All this should be enough to overcome my original theory about the economy being the only thing that mattered, I figured. Then a spate of new polls in the last week seemed to show I was correct in the first place. Neither the debate over how to reform Medicare nor women’s rights appears to have changed concerns about joblessness and all the other pocketbook problems. In fact, the race is skin tight, with a Washington Post/ABC News survey this week noting that 8 in 10 voters give the economy poor marks. Romney leads slightly — 47 percent to 46 percent — though white seniors oppose the Ryan Medicare reform plan nearly 2-to-1.
Can Obama survive such historically devastating opinion? Are the voters still willing to lay much of that blame on his predecessor, George W. Bush? Most experts agree the troubles all started with Bush. But Obama critics legitimately contend that the former junior senator from Illinois failed to take the right steps to get the economy back on track early, spending too much time, effort and political capital on revising the nation’s health care system.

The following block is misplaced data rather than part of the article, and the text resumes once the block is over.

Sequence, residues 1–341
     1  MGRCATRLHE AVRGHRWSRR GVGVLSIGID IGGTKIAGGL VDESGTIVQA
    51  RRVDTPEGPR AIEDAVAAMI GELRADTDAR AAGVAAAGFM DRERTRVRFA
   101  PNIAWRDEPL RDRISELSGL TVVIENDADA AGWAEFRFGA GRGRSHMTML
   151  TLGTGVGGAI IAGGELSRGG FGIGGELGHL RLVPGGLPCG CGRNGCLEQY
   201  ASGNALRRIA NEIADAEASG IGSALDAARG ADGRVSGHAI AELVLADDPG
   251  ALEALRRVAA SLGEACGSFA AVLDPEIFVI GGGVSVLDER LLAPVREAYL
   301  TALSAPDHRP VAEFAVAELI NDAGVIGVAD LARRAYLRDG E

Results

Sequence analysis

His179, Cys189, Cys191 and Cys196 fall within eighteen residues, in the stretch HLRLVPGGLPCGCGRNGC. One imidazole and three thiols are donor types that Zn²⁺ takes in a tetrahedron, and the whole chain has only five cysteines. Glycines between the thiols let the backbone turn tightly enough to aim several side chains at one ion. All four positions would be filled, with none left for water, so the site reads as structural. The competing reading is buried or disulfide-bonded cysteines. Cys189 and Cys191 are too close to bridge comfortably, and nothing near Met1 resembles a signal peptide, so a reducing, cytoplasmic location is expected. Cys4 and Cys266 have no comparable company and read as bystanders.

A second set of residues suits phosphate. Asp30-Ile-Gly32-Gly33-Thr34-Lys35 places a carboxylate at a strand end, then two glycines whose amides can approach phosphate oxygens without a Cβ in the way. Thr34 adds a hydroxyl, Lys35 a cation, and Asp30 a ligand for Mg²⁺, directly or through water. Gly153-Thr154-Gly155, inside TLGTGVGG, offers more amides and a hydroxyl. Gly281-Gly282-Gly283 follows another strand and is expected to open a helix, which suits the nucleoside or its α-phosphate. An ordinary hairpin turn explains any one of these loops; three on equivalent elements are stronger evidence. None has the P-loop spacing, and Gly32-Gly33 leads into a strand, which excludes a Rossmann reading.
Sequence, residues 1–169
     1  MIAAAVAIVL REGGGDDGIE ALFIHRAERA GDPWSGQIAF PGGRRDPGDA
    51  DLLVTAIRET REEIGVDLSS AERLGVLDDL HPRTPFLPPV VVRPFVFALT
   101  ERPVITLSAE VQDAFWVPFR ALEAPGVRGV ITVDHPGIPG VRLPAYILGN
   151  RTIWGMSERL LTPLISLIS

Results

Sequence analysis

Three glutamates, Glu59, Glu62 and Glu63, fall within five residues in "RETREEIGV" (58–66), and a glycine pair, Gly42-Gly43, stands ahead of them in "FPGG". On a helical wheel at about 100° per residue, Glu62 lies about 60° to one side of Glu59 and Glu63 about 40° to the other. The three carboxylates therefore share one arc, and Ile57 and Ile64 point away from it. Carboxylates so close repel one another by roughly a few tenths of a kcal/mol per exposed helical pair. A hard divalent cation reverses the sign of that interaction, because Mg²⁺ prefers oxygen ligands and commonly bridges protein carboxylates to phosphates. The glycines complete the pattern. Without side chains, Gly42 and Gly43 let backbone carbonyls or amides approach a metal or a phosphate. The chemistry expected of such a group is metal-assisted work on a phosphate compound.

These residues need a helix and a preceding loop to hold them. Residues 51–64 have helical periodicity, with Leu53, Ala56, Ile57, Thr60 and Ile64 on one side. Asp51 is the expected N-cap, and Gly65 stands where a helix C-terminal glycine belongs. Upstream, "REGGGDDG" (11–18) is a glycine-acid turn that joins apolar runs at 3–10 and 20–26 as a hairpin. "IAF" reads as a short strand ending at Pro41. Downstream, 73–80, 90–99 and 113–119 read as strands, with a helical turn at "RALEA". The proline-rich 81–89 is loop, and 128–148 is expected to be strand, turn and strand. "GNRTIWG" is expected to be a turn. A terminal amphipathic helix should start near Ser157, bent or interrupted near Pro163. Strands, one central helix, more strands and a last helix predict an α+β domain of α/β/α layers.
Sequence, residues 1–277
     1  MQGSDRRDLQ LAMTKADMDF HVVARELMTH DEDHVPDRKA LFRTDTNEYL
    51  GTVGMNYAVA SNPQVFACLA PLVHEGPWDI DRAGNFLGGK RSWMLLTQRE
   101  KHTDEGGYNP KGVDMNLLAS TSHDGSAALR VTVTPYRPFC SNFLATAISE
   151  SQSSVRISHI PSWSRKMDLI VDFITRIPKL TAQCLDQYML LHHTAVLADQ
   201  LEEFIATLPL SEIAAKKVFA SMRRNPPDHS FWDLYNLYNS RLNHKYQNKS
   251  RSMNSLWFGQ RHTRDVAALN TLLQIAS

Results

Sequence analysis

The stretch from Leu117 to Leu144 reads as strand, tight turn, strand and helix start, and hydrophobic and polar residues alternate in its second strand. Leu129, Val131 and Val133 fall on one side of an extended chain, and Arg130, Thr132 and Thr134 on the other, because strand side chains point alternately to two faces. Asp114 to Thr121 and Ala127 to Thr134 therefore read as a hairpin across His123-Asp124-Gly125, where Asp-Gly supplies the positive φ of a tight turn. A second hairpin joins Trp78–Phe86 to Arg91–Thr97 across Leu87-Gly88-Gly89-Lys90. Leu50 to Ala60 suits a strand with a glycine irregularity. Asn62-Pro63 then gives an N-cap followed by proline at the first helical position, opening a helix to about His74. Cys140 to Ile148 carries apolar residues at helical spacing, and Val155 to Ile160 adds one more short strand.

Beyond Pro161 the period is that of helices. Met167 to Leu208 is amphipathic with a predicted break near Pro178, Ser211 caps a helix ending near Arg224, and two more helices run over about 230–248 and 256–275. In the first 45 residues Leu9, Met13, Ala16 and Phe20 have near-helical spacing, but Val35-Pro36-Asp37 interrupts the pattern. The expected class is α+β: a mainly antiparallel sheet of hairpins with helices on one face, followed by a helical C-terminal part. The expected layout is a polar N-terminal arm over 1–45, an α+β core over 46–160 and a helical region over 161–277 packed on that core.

If the “George did it” crowd prevails, it would put to rest what used to be the operative political truism — simply that whatever happens on the incumbent’s watch, good or bad, is his responsibility. History tells us that the adage is undeniable. The Great Depression wasn’t Herbert Hoover’s fault, but he was forever blamed.
When Election Day arrives, that adage may change.
Dan K. Thomasson is the former editor of the Scripps Howard News Service.